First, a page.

Feedback-based learning across training-trial blocks
We further examined whether RT effects were apparent during the course of learning. To this end, a mixed-effects ANOVA was conducted, using block (1–6) and feedback type (immediate, delayed-short, delayed-long) as within-subject factors, and group (ADHD vs. Control) as a between-subjects factor using mean reaction-times during the learning phase as the dependent variable. Results are presented in Fig. 3. There was a significant main effect of block, (F (5, 235) = 17.91, p < 0.01, ηp² = 0.27), but not for group, indicating that participants from both groups improved in response latencies for predicting the associated letters leading to outcomes across trials. Further linear contrast tests revealed a significant linear trend, such that as training progressed, RTs diminished (F (1, 47) = 28.13, p < 0.01). The main effect of feedback was also significant (F (2, 94) = 3.43, p < 0.05, ηp² = 0.06), indicating that overall, participants responded faster during delayed-long feedback trials compared with the other two feedback conditions (F (1, 47) = 6.06, p < 0.05), yet no differences were observed between delayed-short and immediate feedback trials. Although the group-by-feedback type interaction was not significant, (F (2, 94) = 1.86, p = 0.16, ηp² = 0.03), the group by block interaction was significant (F (5, 235) = 2.7, p < 0.05; ηp² = 0.05), such that RT improved in a linear manner as training progressed for both groups, but was more pronounced in the control group (F (1, 47) = 26.13, p < 0.01) compared with the ADHD group (F (1, 47) = 5.57, p < 0.05). The interaction of feedback type, group and block and the interaction of block by feedback were not significant.
To examine possible differences in reaction time between the groups and feedback conditions, an ANOVA test was conducted using feedback type (immediate, delayed-short, delayed-long) as a within-subjects factor and group (ADHD vs. Control) as a between-subjects factor, and mean reaction time during the test phase as the dependent variable. Results are presented in Fig. 4. A main effect for group was marginally significant, (F(1, 47) = 3.99, p = 0.051, ηp² = 0.07), such that the ADHD group was somewhat slower than the control group regardless of feedback timing. A main effect for feedback type was found (F (2, 94) = 3.57, p < 0.05, ηp² = 0.12), indicating that participants were relatively faster in the delayed feedback condition compared with the other feedback conditions, (F (1, 47) = 6.06, p < 0.05). The group by feedback type interaction was marginally significant, (F (2, 94) = 3.04, p = 0.052, ηp² = 0.06), stemming from the fact that participants with ADHD were significantly slower than control participants in the immediate feedback trials F (1, 47) = 8.76, p < 0.01, and comparable to the delayed feedback trials (F(1, 47) = 1.6, p = 0.206 for the delayed vs. long feedback and (F (1, 47) = 2.58, p = 0.11 for delayed vs. short feedback trials).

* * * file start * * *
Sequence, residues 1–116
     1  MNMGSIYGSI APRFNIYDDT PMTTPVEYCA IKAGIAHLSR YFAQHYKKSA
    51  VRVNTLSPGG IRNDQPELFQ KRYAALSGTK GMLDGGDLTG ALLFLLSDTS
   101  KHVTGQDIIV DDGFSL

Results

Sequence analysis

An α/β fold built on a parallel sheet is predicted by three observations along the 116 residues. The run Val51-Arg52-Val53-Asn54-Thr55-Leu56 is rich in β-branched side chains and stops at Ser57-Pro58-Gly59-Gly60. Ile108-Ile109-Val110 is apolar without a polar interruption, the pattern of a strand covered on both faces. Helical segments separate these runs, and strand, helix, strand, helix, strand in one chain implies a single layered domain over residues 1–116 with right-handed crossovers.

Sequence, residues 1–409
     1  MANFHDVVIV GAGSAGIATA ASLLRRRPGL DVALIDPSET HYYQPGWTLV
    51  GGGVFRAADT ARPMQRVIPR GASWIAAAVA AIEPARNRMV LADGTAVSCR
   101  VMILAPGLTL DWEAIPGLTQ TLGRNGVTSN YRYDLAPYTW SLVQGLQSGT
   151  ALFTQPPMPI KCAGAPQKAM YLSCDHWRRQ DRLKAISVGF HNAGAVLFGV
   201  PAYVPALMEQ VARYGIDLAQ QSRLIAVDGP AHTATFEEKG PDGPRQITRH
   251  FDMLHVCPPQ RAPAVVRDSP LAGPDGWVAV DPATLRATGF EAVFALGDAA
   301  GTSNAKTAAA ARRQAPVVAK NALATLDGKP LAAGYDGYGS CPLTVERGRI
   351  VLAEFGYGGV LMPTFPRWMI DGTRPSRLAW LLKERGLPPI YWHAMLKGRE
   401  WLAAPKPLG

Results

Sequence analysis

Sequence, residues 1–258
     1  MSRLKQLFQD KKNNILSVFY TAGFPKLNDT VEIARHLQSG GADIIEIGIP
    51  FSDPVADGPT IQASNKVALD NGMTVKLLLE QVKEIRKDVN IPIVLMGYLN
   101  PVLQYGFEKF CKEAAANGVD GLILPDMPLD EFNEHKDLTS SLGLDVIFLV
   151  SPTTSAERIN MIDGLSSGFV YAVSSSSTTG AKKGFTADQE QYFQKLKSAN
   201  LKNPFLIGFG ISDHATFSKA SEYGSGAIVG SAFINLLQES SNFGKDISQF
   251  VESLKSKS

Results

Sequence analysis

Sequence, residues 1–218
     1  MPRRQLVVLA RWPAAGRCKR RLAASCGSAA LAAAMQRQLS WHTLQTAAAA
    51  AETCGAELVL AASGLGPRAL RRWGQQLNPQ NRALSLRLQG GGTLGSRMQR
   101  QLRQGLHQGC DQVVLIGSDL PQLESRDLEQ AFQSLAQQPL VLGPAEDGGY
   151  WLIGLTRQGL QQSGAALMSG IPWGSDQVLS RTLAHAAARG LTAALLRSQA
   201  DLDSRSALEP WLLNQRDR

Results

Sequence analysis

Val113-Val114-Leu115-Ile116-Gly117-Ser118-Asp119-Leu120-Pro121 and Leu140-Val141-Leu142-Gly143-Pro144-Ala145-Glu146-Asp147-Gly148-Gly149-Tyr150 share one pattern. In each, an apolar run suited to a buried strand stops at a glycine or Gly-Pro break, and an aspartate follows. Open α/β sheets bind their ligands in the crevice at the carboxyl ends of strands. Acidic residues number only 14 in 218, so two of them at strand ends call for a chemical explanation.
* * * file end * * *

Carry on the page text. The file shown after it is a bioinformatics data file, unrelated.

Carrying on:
Relationship between learning and ADHD symptoms
In addition to the group analyses reported above, we also examined the relationship between learning and test accuracy performance and ADHD symptoms, as measured by the DSM questionnaire, separately for each one of the different training conditions.
Correlations between ADHD symptoms and test performance
A significant negative correlation (r = −0.38) was found between inattentive symptoms and accuracy test performance of immediate feedback trials. There were no significant correlations for the other feedback training conditions.
Correlations between ADHD symptoms and learning index
A difference score was calculated by subtracting the mean of the last block from the mean of the first block during the learning phase. The learning score for the immediate feedback condition showed a significant negative correlation with inattentive and hyperactive symptoms (r = −0.38 and r = −0.39, respectively). There were no significant correlations for the other feedback training conditions.
Recent observations suggest that probabilistic learning of stimulus-response associations among populations with dopaminergic and striatal dysfunctions could be remediated by manipulating specific aspects of the training procedure51,52. This hypothesis was put here to test by examining whether probabilistic learning impairments in ADHD individuals would similarly depend on the duration of feedback delay during the training experience. Given that procedural learning systems, but not necessarily other learning systems, are disrupted in ADHD, we expected that by providing conditions that may engage extra-basal ganglia systems, probabilistic learning impairments of ADHD patients would be alleviated. Indeed, we demonstrate that the ability to utilize immediate feedback in the context of probabilistic learning is disrupted in ADHD. Furthermore, we show that ADHD symptom severity is negatively correlated with the ability to learn from immediate feedback. Under delayed feedback conditions, however, we found that ADHD participants perform similarly to that observed in typical individuals.